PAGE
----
The Chinese Cookbook

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askmar publishing, Sep 30, 2011 - Cooking
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 First published in 1972, The Chinese Cookbook by Craig Clairborne and Virgina Lee remains one of the best Chinese cookbooks. For many Americans, The Chinese Cookbook opened the door to a world beyond chop suey and egg foo young.”


Virginia Lee had been cooking since age seven. She observed and experimented with Chinese recipes during her extensive travels over China with her family, and after her marriage to Kuang Chao Lee, manager of the Hong Kong and Shanghai Bank. Due to her husband’s position and interest in fine food, many of the finest chefs in China cooked in their kitchen, and furthered her education. After coming to the United States in 1967, she quickly developed the reputation as one of America’s foremost Chinese chefs.

Over a two year period, Virginia Lee worked with Craig Claiborne in his East Hampton’s home kitchen, to clearly and explicitly explain how 250 well know Chinese dishes could be prepared by most American cooks without undue work.

The book is both thorough and easy to understand, written clearly and explicitly to educate even the novice cook. Recipes are categorized by their main ingredient (pork, chicken, beef, seafood, et cetera) with a chapter on desserts.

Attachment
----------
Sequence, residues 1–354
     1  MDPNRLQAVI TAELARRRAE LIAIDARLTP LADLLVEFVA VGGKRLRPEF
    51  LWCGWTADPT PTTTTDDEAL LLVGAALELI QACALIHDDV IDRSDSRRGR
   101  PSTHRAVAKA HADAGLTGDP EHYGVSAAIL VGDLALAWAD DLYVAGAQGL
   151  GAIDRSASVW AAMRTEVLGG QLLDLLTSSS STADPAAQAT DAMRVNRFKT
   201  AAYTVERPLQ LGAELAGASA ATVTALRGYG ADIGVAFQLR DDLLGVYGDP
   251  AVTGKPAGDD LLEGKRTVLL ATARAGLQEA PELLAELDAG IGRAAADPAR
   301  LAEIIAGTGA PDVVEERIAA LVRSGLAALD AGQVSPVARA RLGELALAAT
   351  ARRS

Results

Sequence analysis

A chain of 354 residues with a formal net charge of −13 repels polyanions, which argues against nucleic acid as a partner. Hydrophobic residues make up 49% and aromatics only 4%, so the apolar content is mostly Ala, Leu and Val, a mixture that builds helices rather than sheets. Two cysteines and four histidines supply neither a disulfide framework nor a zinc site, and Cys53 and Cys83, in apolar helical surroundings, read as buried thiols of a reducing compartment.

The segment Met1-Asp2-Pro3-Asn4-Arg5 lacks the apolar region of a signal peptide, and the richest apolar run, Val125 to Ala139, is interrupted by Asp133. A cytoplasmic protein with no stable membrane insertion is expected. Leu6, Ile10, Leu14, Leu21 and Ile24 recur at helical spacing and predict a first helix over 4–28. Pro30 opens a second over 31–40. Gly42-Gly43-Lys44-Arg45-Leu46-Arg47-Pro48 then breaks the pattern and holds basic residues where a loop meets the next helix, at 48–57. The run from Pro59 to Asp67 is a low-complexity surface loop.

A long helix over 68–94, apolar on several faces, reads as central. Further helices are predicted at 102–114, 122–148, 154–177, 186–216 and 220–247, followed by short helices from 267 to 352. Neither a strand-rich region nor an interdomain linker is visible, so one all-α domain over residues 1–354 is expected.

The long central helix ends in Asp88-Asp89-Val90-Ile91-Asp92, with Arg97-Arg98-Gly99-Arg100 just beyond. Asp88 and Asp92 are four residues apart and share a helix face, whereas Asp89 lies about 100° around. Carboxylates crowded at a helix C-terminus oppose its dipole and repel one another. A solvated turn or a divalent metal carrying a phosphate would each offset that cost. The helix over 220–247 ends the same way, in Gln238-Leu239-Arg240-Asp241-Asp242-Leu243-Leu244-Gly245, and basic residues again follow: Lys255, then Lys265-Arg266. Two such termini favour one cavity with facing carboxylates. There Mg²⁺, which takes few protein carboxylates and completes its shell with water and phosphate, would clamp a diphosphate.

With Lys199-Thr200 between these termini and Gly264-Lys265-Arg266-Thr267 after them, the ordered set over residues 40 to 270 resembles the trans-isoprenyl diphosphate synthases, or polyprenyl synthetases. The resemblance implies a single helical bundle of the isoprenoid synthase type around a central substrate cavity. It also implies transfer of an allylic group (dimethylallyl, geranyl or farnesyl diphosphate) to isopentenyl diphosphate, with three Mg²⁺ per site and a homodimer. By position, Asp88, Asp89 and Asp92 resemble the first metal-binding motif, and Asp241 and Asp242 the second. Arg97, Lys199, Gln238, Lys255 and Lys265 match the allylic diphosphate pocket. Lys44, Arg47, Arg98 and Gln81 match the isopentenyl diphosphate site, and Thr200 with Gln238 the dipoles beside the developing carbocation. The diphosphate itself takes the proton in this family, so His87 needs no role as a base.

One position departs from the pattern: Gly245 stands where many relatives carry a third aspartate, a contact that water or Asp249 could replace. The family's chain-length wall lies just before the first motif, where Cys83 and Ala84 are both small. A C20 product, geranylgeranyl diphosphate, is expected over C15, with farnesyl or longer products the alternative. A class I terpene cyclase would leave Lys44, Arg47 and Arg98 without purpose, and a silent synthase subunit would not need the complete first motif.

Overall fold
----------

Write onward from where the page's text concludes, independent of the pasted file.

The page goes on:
It provides considerable practical advice about kitchen equipment, methods, and proper cooking techniques, such as the proper ways to carve and present meat. It concludes with a detailed list and description of Chinese ingredients.

New to the 2011 Edition

Electronic books have no fixed page numbers. However, for the purposes of the index, the page numbers listed correspond to hypertext links that are located at the same locations of the original text. (You can click on an index page link and be taken to that portion of the text.) Color illustrations have replaced the orig

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This was one of the first books to emerge during the post-Nixon China visit and remains one of the best Chinese cookbooks in any collection (and I have many). Check out the stir friend pork with straw mushrooms and baby corn, an old Cantonese standby, or the pork with long or green beans. Also excellent is the recipe for Kung Pao chicken, particularly if you augment it with some vegies (I use onion chunks, bell pepper, and asparagus). With Pierre Franey, Claiborne, food critic for the paper, wrote some wonderful "New York Times Cookbooks," chock full of international gourmet selections, and Ms. Lee was already a leading authority on Chinese cooking, aiding Claiborne in making the recipes easy for the American chef. Their fried rice recipe is still popular, though I like mine in the Yangchow style with shrimp, pork, and chicken in combination. There may have been a lot of more comprehensive Chinese cookbooks, as well as several concentrating on the food of a particular region (Hunan, Szechewan, &c.) but this is as good a basic primer as is available.  

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About the author (2011)

Craig Claiborne